💊 LifeArc invests in African scientists; WuXi Biologics partners with Boostimmune; Pfizer gets accelerated approval for myeloma antibody
#406 | Piecing together the long Covid puzzle; Parkinson’s treatment for alcohol use disorder; Making plastic from insects
Hello and welcome to The Kable for an edition that has Covid, layoffs, and FDA approvals. But first, British non-profit medical research organization LifeArc is partnering with the Francis Crick Institute’s Crick Africa Network to grant £7.5 million (~$9.5 million) to support African scientists in infectious diseases research. Yay!
In Saudi Arabia, the National Industrial Development Centre has signed an MoU with Jubail Pharma and RR Holding Co. to boost local production of chemical compounds used to make pharma products. The collaboration will help localize manufacturing of APIs, intermediate materials and chemicals. The Saudi government has also implemented regulatory reforms to encourage investment in the country’s pharma industry, which is projected to be worth SR56.6 billion by 2027.
In India, the National Medical Council (NMC) has introduced a penalty for doctors who don’t prescribe generic drugs. The Indian Medical Association (IMA) is not happy. While the NMC is aiming to reduce healthcare costs for citizens, the IMA doesn’t believe this decision is in patients’ interests, given concerns regarding generic drug quality.
WuXi Biologics and South Korean oncology biotech Boostimmune have inked an MoU to collaborate in the research and discovery of monoclonal antibodies, bispecific antibodies and recombinant proteins.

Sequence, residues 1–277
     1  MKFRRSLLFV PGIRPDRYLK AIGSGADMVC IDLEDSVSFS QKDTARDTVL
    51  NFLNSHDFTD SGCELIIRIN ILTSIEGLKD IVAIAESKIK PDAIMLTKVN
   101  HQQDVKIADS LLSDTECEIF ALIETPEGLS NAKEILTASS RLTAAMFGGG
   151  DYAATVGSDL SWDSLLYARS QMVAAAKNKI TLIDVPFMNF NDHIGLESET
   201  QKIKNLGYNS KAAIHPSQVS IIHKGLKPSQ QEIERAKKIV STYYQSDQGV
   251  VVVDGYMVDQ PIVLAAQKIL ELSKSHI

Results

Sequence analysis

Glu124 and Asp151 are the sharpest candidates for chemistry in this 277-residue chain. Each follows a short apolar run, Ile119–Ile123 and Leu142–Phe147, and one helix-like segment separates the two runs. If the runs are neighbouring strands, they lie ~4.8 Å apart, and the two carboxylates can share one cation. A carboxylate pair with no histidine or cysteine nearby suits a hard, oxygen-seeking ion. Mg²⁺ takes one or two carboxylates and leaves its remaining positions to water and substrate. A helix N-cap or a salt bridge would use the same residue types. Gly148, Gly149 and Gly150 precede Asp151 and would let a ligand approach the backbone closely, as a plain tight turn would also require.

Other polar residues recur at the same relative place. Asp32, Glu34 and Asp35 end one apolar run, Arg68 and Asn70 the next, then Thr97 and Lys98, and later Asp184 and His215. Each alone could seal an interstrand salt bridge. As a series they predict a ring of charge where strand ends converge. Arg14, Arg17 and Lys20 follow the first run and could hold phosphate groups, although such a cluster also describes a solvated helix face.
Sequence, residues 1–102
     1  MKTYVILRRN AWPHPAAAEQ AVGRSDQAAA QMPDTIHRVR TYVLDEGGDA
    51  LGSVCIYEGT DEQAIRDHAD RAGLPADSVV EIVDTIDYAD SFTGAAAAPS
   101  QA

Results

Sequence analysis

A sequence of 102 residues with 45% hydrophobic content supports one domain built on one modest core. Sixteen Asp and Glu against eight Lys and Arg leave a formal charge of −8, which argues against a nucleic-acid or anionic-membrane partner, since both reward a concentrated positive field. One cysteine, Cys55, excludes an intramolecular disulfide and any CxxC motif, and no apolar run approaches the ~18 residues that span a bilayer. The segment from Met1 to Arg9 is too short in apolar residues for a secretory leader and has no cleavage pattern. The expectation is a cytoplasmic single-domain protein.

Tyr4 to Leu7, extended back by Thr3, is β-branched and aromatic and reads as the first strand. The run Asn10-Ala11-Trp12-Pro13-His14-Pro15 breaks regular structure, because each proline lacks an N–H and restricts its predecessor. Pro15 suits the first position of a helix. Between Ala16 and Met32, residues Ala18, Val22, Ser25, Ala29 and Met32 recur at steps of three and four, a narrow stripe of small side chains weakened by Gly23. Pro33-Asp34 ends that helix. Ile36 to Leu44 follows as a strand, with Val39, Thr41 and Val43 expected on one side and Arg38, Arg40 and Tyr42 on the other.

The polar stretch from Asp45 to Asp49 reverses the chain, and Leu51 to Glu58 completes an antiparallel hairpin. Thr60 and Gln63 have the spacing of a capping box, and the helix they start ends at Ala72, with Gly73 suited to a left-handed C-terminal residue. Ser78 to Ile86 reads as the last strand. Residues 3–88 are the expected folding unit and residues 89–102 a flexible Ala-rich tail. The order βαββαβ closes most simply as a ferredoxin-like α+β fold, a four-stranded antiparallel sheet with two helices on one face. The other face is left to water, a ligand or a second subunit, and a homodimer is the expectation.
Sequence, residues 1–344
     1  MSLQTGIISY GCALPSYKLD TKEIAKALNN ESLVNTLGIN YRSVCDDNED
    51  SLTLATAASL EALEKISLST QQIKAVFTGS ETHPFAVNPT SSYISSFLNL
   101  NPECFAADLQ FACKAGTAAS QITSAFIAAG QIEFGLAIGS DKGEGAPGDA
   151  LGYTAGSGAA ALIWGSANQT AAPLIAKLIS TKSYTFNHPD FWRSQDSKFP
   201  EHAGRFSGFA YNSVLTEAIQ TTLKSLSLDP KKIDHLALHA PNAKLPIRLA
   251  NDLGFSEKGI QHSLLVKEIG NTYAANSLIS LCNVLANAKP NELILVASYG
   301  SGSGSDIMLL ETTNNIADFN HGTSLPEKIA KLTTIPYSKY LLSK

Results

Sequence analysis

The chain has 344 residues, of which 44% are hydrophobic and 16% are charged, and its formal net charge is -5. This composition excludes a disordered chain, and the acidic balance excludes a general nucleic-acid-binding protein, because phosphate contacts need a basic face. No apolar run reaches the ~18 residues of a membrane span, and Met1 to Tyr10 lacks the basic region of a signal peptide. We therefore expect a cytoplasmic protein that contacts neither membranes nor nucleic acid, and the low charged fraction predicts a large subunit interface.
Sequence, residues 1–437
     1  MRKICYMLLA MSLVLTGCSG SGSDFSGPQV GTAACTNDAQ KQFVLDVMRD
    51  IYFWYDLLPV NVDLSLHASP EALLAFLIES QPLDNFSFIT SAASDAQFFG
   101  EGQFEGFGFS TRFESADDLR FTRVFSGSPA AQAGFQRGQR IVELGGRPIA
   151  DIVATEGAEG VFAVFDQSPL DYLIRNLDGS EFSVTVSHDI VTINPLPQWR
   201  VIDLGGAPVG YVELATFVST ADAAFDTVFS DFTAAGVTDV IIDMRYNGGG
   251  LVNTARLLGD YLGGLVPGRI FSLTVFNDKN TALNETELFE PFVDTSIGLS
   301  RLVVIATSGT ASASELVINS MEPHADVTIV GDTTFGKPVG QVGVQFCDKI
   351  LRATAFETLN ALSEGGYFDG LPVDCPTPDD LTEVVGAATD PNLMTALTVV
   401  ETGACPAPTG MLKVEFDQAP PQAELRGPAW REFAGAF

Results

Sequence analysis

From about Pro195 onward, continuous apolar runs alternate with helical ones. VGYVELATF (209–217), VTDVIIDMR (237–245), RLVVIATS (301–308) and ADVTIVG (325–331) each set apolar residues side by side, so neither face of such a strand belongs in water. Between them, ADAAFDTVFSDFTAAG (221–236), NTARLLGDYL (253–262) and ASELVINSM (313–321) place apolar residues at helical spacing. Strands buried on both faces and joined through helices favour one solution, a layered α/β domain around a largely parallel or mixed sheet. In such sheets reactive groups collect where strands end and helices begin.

The Japanese government has awarded two grants totaling $115 million to Arcalis to support the production of mRNA vaccines and therapeutics in the country.
J&J is on a streak. In addition to accelerated approval for its multiple myeloma therapy, the company is now boasting US FDA approval of Akeega, a fixed dose combination to treat advanced prostate cancer with a BRCA mutation which no longer responds to hormone therapies.
But J&J isn’t the only company in the multiple myeloma treatment ring. Yesterday, the US FDA also granted accelerated approval to Pfizer for the use of its bispecific antibody, Elrexfio in patients with hard-to-treat or recurrent multiple myeloma.
Medtronic is in hot water again, with its dialysis catheters being found to potentially become blocked due to silicon lubricant buildup. The US FDA has handed the recall of the product its highest-severity Class I tag. Philips is in the same boat.
In the UK, the PMCPA – which oversees drug marketing regulations – has determined that Novartis “reduced confidence in, and brought discredit upon, the industry”. This breach is the gravest possible under Clause 2 of the ABPI Code, and concerns a podcast in which it presented questionable efficacy and safety claims about its drug Entresto. And this breach isn’t even a first for the company; they don’t seem to be learning from past mistakes.
Exor NV has bought 15% of health tech group Philips for €2.6 billion (~$2.8 billion). Exor’s portfolio also includes Ferrari, The Economist, and the Italian soccer club Juventus.